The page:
Ok, its Horseshoe again, for the last time (promise :)
Not since I last was in South Africa in 1993 have I seen so many different flowers in one small area. The snowlover, Chionophila jamesii, looks like a small white penstemon, and indeed is rarely found far from some snow lying around on the ground. I used a hat I borrowed from Panayoti to deal with the bright sun, but failed to use sunblock and got a really bad sunburn. Its easy to forget in the cool mountain air just how intense the UV light is--at that altitude (we climbed to over 1300 feet) the air is thin and sunlight very intense. I found out what "Rocky Mountain High" really means when I got a touch of altitude sickness, first comes stomach discomfort, then one actually gets a bit loopy (probably from low oxygen levels, you can feel yourself thinking slower), and a light headache sometimes. I was proud that I got to the top of our trail, while not the mountain peak it was damn close, and one could look over the continental divide to the watersheds that flow west. I took the photo of Panayoti Kelaidis and Jan Fahls at the summit of our hike, and they took one of me as well. Just before those photos, one can see a pink mound of Silene acaulis, which is yet another circumboreal tundra/alpine species. It is quite common on the mountain, and some variation in shade of pink and floriferousness can be seen among the large populations of it. White daisies and pinnate foliage characterize Erigeron compositus. Erigerons are generally easy to germinate and grow in rock gardens, and they are quite abundant and diverse in the montane West. One of a few alpine Trifolium species in the area, T. parryi is everywhere in the mountains west of Denver. With its large trusses of purple flowers, its a serious improvement on our lawn clovers. A yellow draba, which I dare not attempt to identify (the genus is a taxonomic nightmare with many similar species) thrusts its bright yellow flowers skyward, though at its size it doesn't get very far. Androsace is a genus of often lovely plants, mainly Asian, but a tiny and rather insignificant one which might be A. septentrionalis (identifications are welcome) hides among the rocks in Colorado. Rather more attractive in the horticultural sense is Eriogonum, possibly E. umbellatum, another diverse and confusing western American genus. Both the silvery leaves and bright yellow flower umbels are easy on the eyes. In favored locations with some moisture Arnica cordifolia forms large patches of yellow daisies. The famous Colorado columbine, Aquilegia caerulea was only present near part of a nearby trail some of us took on the way down. One can see why it has been brought into cultivation, the large blue and white flowers are quite nice. Finally a small Heuchera parvifolia hugs the light colored rocks it grows among. The foliage is quite attractive, though the greenish yellow flowers are more modest than some of its more showy cousins.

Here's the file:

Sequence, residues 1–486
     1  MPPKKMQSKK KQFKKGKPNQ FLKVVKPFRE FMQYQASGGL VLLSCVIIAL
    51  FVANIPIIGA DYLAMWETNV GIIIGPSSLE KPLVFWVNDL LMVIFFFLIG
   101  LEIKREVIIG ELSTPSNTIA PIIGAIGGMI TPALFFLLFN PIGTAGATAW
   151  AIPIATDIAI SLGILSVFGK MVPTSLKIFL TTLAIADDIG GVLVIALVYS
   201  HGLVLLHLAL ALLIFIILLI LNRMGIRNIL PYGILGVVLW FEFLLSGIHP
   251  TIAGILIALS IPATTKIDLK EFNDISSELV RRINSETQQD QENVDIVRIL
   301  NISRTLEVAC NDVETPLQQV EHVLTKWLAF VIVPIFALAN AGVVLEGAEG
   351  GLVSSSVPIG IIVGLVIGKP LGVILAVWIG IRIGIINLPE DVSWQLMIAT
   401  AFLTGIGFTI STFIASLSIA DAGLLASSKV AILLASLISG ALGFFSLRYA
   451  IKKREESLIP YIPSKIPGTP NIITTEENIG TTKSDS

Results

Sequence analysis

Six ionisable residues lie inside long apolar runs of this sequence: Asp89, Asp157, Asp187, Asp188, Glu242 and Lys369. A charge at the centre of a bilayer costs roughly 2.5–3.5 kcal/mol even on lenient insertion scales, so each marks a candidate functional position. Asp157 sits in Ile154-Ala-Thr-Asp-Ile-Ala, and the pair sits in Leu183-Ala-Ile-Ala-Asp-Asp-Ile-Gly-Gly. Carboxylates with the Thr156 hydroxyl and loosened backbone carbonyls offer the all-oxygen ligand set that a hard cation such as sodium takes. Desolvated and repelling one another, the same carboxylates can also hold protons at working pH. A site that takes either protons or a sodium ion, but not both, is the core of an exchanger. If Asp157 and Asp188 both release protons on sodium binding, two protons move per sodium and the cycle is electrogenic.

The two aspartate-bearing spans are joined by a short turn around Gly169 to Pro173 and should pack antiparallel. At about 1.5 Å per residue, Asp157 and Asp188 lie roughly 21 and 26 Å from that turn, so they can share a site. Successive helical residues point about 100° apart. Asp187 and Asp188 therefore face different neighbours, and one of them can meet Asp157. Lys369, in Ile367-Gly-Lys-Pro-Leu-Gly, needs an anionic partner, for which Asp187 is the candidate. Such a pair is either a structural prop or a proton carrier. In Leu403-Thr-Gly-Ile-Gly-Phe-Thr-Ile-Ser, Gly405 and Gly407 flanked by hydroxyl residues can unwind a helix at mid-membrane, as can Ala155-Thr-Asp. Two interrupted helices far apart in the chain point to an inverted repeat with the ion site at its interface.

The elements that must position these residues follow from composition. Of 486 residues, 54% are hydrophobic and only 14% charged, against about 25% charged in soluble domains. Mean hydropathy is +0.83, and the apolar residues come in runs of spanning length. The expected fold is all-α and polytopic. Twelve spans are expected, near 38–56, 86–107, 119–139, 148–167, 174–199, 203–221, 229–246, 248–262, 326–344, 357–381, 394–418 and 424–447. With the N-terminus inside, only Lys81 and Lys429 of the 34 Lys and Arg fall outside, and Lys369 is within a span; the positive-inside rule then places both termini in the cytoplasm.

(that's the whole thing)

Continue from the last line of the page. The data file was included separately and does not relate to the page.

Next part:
Hiking up Horseshoe Mountain with an enthusiastic and informed crew from the Denver Botanic Garden during what apparently was an optimal time during an exceptionally good flower year was an experience I will cherish for the rest of my life.